Three years ago when I moved to Stockholm, one of the first pieces of advice I remember getting was: “go to Clas Ohlson.” I had just landed in Stockholm with all my possessions for a one-year study abroad packed in two large rolling suitcases. I needed just about everything you could imagine; toothpaste, pots and pans, a lamp, plug converters… Clas Ohlson had me covered.
Now if you were in any major American city, the question would be: how do I get there? I don’t have a car, and it’s probably in the suburbs, right? That was the magic of Clas Ohlson. It was right downtown, not kind of downtown, but smack dab in the middle of the downtown shopping district, a 2-minute walk from T-Centralen, the convergence of Stockholm’s 7 subway lines and commuter rail system.
Easy access to Clas Ohlson, combined with nearly universal co-location of grocery stores and subway stations, allowed me to live a car-free lifestyle without compromising on access to either the daily necessities or the odds and ends of everyday life. Between ICA and Coop, the two largest grocery chains in Scandinavia, essentially every subway station had a grocery store (see links for maps). In the year that I lived in Stockholm I set foot in a car just three times. The city’s commercial and neighborhood centers were developed around transit in a way that makes cars unnecessary for everyday life, elevating a car-free lifestyle from second-class to mainstream.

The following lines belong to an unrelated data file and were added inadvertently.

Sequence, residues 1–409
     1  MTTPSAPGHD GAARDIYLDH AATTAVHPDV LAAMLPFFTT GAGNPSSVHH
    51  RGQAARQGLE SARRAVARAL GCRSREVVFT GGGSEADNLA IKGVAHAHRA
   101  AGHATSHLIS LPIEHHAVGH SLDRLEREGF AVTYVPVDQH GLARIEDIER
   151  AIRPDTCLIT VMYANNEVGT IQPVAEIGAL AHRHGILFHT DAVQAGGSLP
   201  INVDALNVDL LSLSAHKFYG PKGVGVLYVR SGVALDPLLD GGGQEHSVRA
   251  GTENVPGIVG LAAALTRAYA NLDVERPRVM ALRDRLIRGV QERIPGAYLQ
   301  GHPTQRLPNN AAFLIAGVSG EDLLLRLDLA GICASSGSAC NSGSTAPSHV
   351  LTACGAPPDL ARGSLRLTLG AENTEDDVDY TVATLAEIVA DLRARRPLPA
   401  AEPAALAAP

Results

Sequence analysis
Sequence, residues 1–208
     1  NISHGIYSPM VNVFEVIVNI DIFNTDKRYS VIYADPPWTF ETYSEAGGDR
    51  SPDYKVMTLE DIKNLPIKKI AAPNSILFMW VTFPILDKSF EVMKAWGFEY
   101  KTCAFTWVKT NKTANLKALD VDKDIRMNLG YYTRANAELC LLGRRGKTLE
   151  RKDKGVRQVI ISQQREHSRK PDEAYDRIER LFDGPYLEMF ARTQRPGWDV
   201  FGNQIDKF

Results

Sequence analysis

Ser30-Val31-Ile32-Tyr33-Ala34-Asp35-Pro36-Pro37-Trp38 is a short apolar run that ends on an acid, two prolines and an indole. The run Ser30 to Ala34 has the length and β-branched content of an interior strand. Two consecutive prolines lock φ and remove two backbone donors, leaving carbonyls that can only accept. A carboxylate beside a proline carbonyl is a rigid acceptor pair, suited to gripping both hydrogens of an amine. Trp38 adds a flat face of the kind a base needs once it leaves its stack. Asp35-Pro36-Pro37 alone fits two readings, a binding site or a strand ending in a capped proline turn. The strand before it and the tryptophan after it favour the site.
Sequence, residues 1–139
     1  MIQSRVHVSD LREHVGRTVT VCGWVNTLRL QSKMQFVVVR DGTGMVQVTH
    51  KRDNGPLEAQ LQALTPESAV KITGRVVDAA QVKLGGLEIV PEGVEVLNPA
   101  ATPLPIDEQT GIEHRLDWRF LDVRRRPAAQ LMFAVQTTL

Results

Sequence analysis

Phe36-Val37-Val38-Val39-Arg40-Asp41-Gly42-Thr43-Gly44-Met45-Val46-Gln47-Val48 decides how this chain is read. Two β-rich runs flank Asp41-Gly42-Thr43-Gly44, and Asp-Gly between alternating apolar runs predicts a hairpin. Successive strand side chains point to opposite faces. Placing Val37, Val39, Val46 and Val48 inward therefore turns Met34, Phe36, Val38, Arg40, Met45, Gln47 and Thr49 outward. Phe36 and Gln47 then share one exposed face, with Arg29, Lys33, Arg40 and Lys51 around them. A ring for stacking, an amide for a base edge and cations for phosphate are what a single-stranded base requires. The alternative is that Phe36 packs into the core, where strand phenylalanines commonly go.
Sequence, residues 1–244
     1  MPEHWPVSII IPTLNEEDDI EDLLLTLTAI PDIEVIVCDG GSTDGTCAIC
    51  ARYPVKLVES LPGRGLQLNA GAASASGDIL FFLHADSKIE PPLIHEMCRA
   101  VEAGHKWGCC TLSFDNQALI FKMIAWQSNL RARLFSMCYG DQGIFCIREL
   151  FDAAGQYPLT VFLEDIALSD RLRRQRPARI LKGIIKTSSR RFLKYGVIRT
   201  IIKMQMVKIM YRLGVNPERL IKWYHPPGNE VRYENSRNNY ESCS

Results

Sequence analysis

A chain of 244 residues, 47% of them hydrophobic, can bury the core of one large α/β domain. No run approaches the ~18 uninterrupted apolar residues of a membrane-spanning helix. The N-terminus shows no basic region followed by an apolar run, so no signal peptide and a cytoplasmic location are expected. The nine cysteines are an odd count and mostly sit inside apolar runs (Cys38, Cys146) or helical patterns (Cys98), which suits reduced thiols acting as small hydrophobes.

Equally important as access to these stores, was their general affordability. Yes, of course everything in Sweden is expensive compared to the US, but these stores are not specialty stores. Lack of affordable shopping for everyday needs is, in my opinion, a huge impediment to a car-free lifestyle in the US. Many people simply can’t afford to meet their daily needs by shopping at boutiques or Whole Foods. Those stores serve the upper middle class, but they do not help foster midrange, affordable urban living, something we sorely need.
My experience in Stockholm is why I’m so excited for the opening of a downtown Target. With a grocery store as well as home and apparel sections, it will provide everything one needs for an affordable car-free lifestyle. Located at 2nd and Pike, just a block from University Street Station and all other downtown bus service, this store will hopefully start to help Seattleites live a convenient and affordable car-free lifestyle like the one I was able to enjoy.